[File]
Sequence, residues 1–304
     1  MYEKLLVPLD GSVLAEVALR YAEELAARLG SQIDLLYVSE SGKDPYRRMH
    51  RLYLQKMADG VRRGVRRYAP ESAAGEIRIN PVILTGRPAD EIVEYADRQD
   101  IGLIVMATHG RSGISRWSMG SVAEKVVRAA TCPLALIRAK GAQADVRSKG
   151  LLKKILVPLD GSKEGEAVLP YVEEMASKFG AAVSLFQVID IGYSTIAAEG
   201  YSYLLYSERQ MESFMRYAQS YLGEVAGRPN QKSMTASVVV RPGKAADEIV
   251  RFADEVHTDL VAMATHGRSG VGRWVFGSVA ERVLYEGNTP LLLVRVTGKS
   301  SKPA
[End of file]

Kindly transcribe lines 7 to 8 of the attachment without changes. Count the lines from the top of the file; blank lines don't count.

   251  RFADEVHTDL VAMATHGRSG VGRWVFGSVA ERVLYEGNTP LLLVRVTGKS
   301  SKPA